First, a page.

Sand in awkward places, a bracing if a little icy breeze and a dip in the water that causes teeth to chatter and lips and fingers to turn blue.

For generation upon generation of hardy Scots, summer trips to the seaside have been a welcome chance to shed outer layers, link arms to paddle in grey, chilly waters, complain about the price of a 99 cone, then head home with sand in their shoes and, if they’re very lucky, a touch of sunburn.

Now memories of those lazy, hazy and sometimes crazy days of the seaside in summer are to be revived with an inventive new collaborative art project which will connect Scottish beach holidays of years long gone with our own, more recent, childhood memories.

Entitled Splash Back, it will also reflect on how the 2020 pandemic sparked an unexpected revival in the good old Scottish beach break, as summer holidaymakers who might normally bask in baking foreign temperatures, instead set about exploring the golden sands of beaches much closer to home.

Work is now underway to gather a range of images, memories and other material for an entertaining sound and vision project which will tour seaside spots across Scotland next summer.

Echoing the light-hearted fun of a day at the beach, it is planned to house it within a wacky version of a Victorian bathing machine, a contraption which once transported elegant ladies from the sand to the water’s edge so they could enjoy a dip without the trauma of any flesh being seen.

HeraldScotland: Bathers at Gourock's outdoor pool (Photo: Scran)Bathers at Gourock's outdoor pool (Photo: Scran)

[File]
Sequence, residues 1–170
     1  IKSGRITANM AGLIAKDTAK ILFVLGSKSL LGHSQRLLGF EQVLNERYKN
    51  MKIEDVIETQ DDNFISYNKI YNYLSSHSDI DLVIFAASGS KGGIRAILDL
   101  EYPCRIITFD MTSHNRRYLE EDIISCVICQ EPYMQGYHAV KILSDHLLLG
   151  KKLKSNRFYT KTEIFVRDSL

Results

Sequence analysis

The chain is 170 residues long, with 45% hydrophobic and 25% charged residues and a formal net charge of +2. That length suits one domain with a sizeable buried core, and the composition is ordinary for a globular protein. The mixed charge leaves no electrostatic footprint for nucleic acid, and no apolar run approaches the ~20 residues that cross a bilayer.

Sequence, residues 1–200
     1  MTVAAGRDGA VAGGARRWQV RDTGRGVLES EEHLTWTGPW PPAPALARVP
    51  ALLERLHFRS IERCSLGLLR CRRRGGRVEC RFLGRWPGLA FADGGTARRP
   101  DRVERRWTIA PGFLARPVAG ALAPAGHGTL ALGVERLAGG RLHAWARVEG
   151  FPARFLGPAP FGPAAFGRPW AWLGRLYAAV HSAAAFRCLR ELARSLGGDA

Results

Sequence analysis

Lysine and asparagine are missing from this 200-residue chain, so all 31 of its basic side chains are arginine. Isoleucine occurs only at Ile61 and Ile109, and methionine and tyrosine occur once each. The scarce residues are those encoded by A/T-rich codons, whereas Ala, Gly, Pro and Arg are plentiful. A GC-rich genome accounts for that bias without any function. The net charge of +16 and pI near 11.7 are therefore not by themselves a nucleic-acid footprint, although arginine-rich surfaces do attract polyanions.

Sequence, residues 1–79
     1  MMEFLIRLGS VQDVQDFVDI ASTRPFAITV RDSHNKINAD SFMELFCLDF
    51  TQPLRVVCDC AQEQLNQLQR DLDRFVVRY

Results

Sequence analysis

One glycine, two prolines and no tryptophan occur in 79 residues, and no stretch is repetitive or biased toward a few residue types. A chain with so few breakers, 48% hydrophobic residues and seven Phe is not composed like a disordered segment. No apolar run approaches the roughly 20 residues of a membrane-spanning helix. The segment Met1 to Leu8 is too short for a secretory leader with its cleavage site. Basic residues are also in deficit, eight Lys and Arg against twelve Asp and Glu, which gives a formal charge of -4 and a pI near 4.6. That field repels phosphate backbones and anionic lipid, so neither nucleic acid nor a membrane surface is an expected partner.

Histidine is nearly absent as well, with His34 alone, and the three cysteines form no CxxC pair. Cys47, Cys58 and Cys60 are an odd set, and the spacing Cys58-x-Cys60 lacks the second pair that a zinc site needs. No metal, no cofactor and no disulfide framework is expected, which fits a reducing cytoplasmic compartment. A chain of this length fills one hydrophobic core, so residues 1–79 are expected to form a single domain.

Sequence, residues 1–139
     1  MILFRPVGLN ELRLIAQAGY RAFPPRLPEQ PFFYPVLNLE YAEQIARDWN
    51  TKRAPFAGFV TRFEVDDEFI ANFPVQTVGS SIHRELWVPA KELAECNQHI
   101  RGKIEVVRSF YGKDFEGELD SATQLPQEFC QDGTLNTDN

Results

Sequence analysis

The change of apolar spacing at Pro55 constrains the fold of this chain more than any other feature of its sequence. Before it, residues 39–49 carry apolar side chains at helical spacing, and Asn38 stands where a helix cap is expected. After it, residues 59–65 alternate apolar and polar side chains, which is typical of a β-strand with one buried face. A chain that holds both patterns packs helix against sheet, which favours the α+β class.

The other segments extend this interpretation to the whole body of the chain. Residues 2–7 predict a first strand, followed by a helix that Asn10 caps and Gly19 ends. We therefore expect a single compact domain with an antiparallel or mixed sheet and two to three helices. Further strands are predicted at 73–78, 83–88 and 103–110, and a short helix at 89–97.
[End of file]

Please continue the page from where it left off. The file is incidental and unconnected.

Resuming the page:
Instead of a traditional horse-drawn hut, however, the project’s ‘Marvellous Magical Bathing Machine’ is inspired by the ingenious and quirky style of early 20th century artist and cartoonist Heath Robinson, known for his illustrations of very improbable mechanical contraptions – including one delightful design for an airborne bathing hut attached to a small plane, which deposited swimmers directly into the water.

The project from art group See Think Make and designers getMade, will use charming images of beach life and outdoor swimming from fellow collaborators Historic Environment Scotland’s Scran archive to reflect Scots’ love affair with splashing around at the seaside, dipping in waterways, visiting Victorian lidos and tidal pools.

Using Monty Python-esque animations, old images will be nudged back to life, evoking the innocent fun of a day spent paddling in the waves in baggy bottomed and ill-fitting swimwear, with sunburned shoulders and, for the very sporty, impressive diving board displays at the outdoor pool.

Read more: Photographer Soo Burnell on capturing the still beauty of Victorian swimming pools

It will also feature up-to-date images and reflections gathered from today’s beach lovers, helping to illustrate how the restrictions on travel created by Covid-19 has sparked a fresh connection with open air swimming and holidays closer to home for many Scots.

Sarah Longfield, producer at See Think Make, said: “So many of us have memories of going to the seaside even if it was a bit windswept and a bit cold.